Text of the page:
MSc Students visit Mumbai field site
Mumbai, December: The National Centre for Biological Sciences in Bangalore offers a Masters in Conservation and Wildlife Biology. Sixteen of the students from the latest batch, including one from Nepal and another from Bangladesh, attended the field course on human wildlife relationships. Mumbai has been an interesting site to visit as it used to be a place with severe human leopard conflict, which has now given way to a good model of dealing with the presence of high density of leopards in an area of extremely high density of humans. The Forest Department initiated a project in 2011 which has changed the way people view the leopards of Mumbai and this has led to a drastic reduction in leopard attacks on people. Please see video for more details https://www.youtube.com/watch?v=cAaVHZIEbJ8
On Day 1 the students visited a residential housing society where an awareness session was held by the ‘Mumbaikars for SGNP’ to sensitise people on the precautions they need to take to deal with leopards. They also visited the Aarey Milk Colony where they studied the issues of encroachment and met with the local group of volunteers who monitor the leopards of the area.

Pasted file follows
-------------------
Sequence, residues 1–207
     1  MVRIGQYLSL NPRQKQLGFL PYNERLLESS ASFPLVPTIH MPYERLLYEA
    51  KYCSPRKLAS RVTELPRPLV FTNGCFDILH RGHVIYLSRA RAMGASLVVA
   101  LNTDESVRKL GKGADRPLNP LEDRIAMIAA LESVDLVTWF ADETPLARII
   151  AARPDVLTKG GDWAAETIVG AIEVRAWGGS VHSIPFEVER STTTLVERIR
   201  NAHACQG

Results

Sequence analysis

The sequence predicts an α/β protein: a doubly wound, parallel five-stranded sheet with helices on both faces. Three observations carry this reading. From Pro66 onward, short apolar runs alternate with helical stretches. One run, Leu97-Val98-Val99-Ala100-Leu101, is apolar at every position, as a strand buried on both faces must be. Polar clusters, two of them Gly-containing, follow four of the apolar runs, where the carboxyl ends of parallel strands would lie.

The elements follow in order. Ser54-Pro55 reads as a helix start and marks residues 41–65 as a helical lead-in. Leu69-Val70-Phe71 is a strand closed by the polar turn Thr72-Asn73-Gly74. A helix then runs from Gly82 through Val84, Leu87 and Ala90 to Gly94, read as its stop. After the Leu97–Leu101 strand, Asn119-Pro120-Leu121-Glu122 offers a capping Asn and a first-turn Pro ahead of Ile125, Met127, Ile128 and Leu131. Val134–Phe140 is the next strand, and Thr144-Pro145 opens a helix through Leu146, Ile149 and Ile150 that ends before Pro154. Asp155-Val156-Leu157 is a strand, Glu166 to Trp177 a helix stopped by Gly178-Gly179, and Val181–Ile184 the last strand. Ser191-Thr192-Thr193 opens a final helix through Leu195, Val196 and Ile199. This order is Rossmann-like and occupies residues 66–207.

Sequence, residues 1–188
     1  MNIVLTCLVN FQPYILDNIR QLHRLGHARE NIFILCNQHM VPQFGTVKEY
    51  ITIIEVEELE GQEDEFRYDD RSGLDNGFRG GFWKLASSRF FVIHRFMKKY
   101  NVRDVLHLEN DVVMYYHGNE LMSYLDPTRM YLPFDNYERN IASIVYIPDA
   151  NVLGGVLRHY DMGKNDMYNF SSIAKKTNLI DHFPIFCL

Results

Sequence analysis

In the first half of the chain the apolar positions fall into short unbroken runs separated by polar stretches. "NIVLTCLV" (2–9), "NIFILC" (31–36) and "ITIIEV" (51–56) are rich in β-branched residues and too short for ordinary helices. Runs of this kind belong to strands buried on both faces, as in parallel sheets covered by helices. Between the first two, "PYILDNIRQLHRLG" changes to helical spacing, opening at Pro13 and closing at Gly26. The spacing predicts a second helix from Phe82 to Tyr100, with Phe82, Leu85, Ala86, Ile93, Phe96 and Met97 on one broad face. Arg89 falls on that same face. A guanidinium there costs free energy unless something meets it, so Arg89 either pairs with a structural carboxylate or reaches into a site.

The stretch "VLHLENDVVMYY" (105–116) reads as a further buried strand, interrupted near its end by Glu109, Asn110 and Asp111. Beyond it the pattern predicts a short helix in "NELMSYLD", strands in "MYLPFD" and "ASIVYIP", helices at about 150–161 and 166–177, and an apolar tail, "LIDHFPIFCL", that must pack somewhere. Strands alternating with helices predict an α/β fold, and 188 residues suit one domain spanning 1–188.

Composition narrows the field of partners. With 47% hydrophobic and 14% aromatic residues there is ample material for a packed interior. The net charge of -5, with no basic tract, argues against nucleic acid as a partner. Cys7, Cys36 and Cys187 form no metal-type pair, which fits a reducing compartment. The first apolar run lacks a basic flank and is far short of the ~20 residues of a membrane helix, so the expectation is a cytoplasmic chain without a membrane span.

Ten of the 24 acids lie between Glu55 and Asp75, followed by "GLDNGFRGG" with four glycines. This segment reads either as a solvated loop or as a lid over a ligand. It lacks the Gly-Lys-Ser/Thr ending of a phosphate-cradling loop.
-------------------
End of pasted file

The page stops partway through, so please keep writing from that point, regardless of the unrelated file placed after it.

On Day 2, the students met the Park Director of Sanjay Gandhi National Park, followed by meetings with the DFO, the veterinarian, the RFO and members of the rescue team. All the complexities of Park management, handling the leopard emergencies, etc were discussed. They also had the opportunity to meet the APCCF WL as well as the RFO of SGNP and heard about the management issues they deal with (related to humans as well as leopards).
On Day 3, the students had a role playing session where two examples were played out – real conflicts (elephant issue in N Bengal) and perceived conflicts (wolf issue in Norway) and the resolution of these conflicts was discussed. The role of the biologists was also discussed.
On Day 4, the students and members of the Project Waghoba team (of WCS India) had a small discussion about the definitions of the term “natural”, especially in the context of Mumbai leopards. What constitutes the leopard’s natural prey, what is natural behaviour with respect to what we see in Mumbai, as well as the term “Optimal Habitat”.
On the last Day 5, members of the Project Waghoba team gave presentations of their work to the students. A camera trap image of a resident leopard was shown to the students.
This entry was posted on Monday, December 10th, 2018 at 4:41 PM
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